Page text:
By The Rev. Sherry Deets

3 Lent – March 3, 2013

Luke 13:1-9

While we read this story from Luke this morning in isolation, it doesn’t occur that way. In fact, we are entering an ongoing conversation midstream. Jesus is on the way to Jerusalem, teaching his disciples and the crowds as he goes. In chapter twelve he has told several potent parables on money and foolishness and always being prepared. He concludes by suggesting that those listening are not just missing the point of his stories, but missing the boat altogether: “You may be able to read the signs to predict the weather,” he says, “but you are utterly clueless about reading the signs of the times.”

Some in the crowd quickly rose to the occasion, stating a case of unjust suffering with the implication that Jesus should interpret its meaning. They told him about some Galileans that Pontius Pilate had murdered in a ghastly event. No question is stated explicitly, but a question is surely implied. What is one to make of that? Did those Galileans deserve it? Was Pilate the instrument of divine judgment against them and consequent punishment?

Those who raise the implied question can hardly be faulted. They represent the usual, or at least a familiar, point of view that says: There is a reason for human suffering, and it usually has to do with something in the past of a person’s life, something that is evil.

The implied question is met head-on by Jesus. He declares that the Galileans who suffered were no worse sinners than anyone else. And he adds to their illustration one of his own. He refers to an accident in Jerusalem. Eighteen persons died when a tower fell on them. Those persons were no worse than anyone else. The accident was random. Anyone happening to be at the wrong place at the wrong time can be the victim of an accident. The point seems to be that tragedy is not a punishment for sin. Good news.

Sort of.

Because some calamity is a result of sin. What if the wall Jesus references was built by a fraudulent contractor (my guess is they had those back in the first century too)? There are all kinds of bad behaviors, in fact, that contribute to much of the misery in the world.

But notice that Jesus doesn’t sever the connection between sin and calamity. He severs the connection between calamity and punishment. “Do you think they were worse sinners than all the others? No. No worse than you.” That, at least, should be good news, right?

Sort of.

Because Jesus next line scares me. “But unless you repent, you will all perish as they did.” We don’t know, for sure, what precisely Jesus means by “as they did.” Does it mean that they – we! – will be struck dead by sudden calamity, or whether we will be separated from God, or whether we will just die at some unknown future point still mired in our sin? We don’t know. We do know, however, that Jesus’ words call into question some favorite Christian assumptions.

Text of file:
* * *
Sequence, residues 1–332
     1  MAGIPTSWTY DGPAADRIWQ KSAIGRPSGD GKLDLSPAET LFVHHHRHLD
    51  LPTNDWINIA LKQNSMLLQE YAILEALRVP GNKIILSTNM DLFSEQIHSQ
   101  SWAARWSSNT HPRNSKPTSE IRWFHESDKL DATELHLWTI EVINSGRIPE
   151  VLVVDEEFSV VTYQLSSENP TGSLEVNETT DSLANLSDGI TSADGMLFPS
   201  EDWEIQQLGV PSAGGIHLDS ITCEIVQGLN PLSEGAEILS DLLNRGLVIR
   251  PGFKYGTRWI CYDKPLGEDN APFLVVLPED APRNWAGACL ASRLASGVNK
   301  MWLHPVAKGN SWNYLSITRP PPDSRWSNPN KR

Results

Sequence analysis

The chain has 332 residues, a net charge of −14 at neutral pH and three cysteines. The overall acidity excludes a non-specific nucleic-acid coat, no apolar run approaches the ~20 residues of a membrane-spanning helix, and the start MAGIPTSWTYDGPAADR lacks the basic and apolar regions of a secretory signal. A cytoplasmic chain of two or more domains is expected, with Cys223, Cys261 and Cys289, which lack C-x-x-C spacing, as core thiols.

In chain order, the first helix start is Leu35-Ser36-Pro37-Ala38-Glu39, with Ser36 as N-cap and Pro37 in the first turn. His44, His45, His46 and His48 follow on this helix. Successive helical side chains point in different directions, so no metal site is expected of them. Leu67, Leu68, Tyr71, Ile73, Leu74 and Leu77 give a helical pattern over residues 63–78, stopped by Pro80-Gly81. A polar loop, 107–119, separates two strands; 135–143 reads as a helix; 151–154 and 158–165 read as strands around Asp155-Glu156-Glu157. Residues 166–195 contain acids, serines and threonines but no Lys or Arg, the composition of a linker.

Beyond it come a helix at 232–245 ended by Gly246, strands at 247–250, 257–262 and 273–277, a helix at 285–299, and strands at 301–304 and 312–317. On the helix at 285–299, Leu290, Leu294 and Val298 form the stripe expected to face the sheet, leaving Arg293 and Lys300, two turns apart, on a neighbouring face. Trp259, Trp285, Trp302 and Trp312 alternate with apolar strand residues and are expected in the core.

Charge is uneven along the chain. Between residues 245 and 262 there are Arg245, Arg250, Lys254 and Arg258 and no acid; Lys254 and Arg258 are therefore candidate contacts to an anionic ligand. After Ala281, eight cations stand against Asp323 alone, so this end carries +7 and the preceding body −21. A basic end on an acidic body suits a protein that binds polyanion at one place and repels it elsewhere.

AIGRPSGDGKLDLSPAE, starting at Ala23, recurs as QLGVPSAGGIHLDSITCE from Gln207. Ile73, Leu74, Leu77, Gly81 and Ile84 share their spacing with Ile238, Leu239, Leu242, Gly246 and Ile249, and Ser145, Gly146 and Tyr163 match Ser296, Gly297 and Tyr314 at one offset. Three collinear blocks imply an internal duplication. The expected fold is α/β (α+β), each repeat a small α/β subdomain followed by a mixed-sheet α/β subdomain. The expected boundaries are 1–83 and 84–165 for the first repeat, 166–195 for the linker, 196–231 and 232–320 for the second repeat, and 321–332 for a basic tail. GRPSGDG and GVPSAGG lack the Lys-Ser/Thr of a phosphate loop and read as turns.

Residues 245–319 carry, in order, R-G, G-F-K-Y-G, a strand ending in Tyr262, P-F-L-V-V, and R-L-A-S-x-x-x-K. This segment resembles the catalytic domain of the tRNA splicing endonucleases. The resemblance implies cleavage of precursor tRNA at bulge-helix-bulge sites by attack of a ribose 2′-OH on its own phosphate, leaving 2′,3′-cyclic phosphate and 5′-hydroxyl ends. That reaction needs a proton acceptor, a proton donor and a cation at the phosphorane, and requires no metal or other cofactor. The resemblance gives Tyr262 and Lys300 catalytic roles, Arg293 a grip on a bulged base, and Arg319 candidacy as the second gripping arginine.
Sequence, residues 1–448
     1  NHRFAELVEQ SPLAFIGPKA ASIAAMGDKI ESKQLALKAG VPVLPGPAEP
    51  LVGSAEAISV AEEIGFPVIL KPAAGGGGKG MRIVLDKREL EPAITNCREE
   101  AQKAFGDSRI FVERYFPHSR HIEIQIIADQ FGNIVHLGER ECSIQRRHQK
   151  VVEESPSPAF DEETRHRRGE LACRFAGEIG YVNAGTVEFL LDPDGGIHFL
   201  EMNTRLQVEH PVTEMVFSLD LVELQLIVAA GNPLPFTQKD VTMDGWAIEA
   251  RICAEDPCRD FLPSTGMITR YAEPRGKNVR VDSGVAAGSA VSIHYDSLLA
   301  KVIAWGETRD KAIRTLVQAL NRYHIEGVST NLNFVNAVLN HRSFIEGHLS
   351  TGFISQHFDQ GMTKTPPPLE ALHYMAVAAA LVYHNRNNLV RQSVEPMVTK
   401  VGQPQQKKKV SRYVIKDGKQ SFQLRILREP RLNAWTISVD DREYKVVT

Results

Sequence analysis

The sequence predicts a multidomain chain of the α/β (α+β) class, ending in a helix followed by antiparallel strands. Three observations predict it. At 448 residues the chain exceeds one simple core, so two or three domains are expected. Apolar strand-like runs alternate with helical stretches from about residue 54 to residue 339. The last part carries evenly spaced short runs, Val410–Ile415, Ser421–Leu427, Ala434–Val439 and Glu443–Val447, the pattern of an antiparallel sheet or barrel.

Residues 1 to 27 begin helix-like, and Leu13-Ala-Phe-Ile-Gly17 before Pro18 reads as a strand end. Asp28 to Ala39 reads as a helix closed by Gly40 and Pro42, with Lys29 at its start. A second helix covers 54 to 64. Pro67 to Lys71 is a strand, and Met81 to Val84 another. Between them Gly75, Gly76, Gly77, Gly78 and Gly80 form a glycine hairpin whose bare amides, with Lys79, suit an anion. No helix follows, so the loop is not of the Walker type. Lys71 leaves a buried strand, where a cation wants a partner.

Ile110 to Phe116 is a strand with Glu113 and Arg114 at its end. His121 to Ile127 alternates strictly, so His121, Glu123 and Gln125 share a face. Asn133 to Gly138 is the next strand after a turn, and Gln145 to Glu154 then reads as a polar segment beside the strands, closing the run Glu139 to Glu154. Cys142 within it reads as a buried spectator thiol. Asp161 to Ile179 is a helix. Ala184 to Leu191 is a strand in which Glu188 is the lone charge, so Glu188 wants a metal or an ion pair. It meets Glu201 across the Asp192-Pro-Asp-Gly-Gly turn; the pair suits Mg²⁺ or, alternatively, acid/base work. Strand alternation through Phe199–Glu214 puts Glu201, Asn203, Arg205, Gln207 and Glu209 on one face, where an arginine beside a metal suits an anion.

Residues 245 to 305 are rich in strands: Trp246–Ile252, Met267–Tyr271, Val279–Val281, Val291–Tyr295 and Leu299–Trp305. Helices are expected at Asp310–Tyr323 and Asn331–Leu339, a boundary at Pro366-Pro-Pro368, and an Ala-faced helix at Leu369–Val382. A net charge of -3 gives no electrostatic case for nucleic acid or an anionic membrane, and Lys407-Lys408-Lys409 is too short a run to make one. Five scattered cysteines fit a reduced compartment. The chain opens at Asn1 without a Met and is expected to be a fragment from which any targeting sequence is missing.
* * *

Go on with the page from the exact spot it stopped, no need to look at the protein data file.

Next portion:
For those who lean far to the left, note that Jesus does not remove a sense of impending judgment. Which, I think, is a good thing, as the flip side of judgment is justice. God cares about how we live our lives and treat each other and will hold us accountable. For those who lean far to the right, note that Jesus doesn’t prescribe what the impending judgment amounts to, and I think that’s good news as well lest we presume to call God’s judgment too quickly onto others.

All that said, we are still left with a certain amount of ambiguity about precisely what Jesus means. Rather than try to resolve things too quickly, let’s turn for a moment to the parable he tells as an elaboration on the pronouncements he has just made. The scene is a familiar one not only to landowners but to anyone who has ever had even a vegetable garden. Sooner or later, you uproot the plants or trees that are not bearing fruit. So upon finding a fig tree that is alive and well yet bears no fruit, a landowner instructs his gardener to get rid of the tree. The gardener protests, asking for one more year, one more year in which to tend the tree by loosening the soil and spreading manure around it. But if it does not respond, the gardener agrees, then, yes, cut it down.

It’s fairly common to assume that the landowner is God and the gardener Jesus. But nowhere in Luke do we find a picture of an angry God that needs to be placated by a merciful Jesus. Rather, Jesus’ portrays God as a father who scans the horizon day in and day out waiting for his wayward son to come home and as a woman who after sweeping her house all night looking for a lost coin throws a party costing even more to celebrate that she found it. Given this slightly different picture of God’s reaction to sin, I wonder if we wouldn’t do better to imagine that God is this peculiar gardener, the one so partial to unyielding fig trees. God, that is, isn’t beneath loosening the soil around us and even spreading manure in the hope that we may bear fruit. Why? Because God loves us and wants the best for us.

And there’s just no “sort-of” about that good news.

So why do bad things happen to good, and sometimes not-so-good, people? Jesus doesn’t say and neither can we. Sometimes misfortune is of our own making and sometimes it is tragically unlucky. But Jesus, son of the all-loving God, isn’t beneath using such occasions to invite us to wake up – or in this case, turn around (repent!) – so that we might look differently at our life and world. Jesus isn’t beneath taking the daily news of his day or ours and using it to jar us into recognizing that life is a gift, that God is seeking us out, and that there is so much good we can do with the time we are given. We do not know how long that time is or how it will come to a close, but we do know it is a gift, not to be squandered but rather spent in the pursuit of good things for God’s people. Amen.

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